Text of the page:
Plum-faced Lorikeet

Plum-faced Lorikeet 15–17 cm; 16–26 g. Bill Black, the entire crown 

Plum-faced Lorikeet

above a line through eye red; face  below eye plum purple, with a double string of white flecks from lores under the eye to ear-coverts 

Plum faced Lorikeet

; postocular area adjoining sides of neck, nape, upperparts, and tail dark green; primaries blue; underparts yellowish-green, but sides of breast and underwing-coverts red, belly and lower flanks orange-red, yellow on sides of under tail-coverts; yellow band across undersides of secondaries; tail tipped reddish pink, underside all reddish. Female 

Plum-faced Lorikeet parrots

has no red on the head 

Plum-faced Lorikeet parrot

. Immature similar, with black edges on upper parts, facial pattern less obvious. Race major larger, with a more extensive red tip to tail; Grandis similar but lacks orange-red on belly and flanks.

Systematics History

Editor’s Note: This article requires further editing work to merge existing content into the appropriate Subspecies sections. Please bear with us while this update takes place.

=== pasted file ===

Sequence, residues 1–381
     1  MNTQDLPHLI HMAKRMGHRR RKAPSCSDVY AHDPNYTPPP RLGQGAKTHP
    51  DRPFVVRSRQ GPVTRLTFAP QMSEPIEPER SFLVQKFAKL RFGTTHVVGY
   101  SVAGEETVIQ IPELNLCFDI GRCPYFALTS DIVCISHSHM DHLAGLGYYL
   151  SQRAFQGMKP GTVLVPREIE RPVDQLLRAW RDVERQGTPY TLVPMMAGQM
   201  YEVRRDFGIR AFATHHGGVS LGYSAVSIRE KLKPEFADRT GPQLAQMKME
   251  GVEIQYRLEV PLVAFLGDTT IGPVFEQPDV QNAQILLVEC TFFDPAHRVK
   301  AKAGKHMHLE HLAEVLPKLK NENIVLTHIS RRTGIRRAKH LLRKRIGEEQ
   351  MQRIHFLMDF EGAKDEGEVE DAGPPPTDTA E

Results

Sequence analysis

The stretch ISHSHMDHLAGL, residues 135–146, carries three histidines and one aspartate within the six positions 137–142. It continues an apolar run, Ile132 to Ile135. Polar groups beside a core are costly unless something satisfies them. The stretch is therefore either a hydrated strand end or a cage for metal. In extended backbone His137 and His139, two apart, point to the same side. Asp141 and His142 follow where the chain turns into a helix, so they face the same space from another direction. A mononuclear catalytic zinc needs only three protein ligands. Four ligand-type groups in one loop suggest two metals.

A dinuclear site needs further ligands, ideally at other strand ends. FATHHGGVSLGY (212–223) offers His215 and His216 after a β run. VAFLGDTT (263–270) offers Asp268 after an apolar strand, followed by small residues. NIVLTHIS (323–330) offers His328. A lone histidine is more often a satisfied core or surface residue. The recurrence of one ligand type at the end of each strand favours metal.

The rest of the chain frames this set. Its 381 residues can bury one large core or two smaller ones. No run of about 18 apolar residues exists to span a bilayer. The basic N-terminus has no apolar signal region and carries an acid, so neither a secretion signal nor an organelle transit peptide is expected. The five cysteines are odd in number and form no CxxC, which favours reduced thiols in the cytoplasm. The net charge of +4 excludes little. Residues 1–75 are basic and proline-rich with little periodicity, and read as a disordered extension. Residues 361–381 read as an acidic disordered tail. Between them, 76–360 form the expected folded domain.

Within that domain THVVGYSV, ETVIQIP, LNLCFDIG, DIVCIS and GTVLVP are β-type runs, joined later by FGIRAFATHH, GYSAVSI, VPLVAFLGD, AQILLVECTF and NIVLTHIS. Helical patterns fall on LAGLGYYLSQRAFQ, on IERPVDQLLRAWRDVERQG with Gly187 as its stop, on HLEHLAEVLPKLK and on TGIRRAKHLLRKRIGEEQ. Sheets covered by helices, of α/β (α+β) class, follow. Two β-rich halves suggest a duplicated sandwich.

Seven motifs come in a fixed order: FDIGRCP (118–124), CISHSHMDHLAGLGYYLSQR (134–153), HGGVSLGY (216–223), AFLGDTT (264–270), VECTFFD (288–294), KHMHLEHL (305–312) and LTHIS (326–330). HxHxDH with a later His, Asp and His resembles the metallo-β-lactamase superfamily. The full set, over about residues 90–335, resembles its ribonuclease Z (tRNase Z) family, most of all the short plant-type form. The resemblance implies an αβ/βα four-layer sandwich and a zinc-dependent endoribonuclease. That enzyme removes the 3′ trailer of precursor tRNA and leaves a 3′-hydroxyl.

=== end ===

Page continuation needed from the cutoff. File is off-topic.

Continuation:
Proposed race intermedius (from C New Guinea) synonymized with grandis. Three subspecies were recognized.



Oreopsittacus arfaki arfaki Scientific name definitions

NW New Guinea (mountains of Vogelkop Peninsula).


Oreopsittacus arfaki major Scientific name definitions

WC New Guinea (Snow Mts).


Oreopsittacus arfaki Grandis Scientific name definitions

EC, NE, and SE New Guinea (Central Highlands to mountains of the Huon Peninsula and Owen Stanley Range).


Editor’s Note: Additional distribution information for this taxon can be found in the ‘Subspecies’ article above. In the future, we will develop a range-wide distribution article.


Montane mist forest at 2000–3750 m, including disturbed Nothofagus- Podocarpus ­forest. Occasionally found as low as 1000 m.


No information.

Diet and Foraging


Plum faced Lorikeet parrot

and perhaps pollen of Dimorphanthera cf. cornuta, flowers, and fruits of Schefflera, berries; noted to feed not only in the crowns of trees but also on small fruits on lower growth inside the forest; usually in pairs.

Sounds and Vocal Behavior

The commonest vocalization a crisp, high-pitched triple-noted “tsi-tsi-tseet”, sometimes run together to become a longer Twitter. Also, single “tseet” notes.


Mating display observed in Jun, and breeding condition birds in Aug–Oct. No other information.

Conservation Status

Not globally threatened. CITES II. Fairly common but difficult to observe. Regular around Tari Gap, Papua New Guinea.

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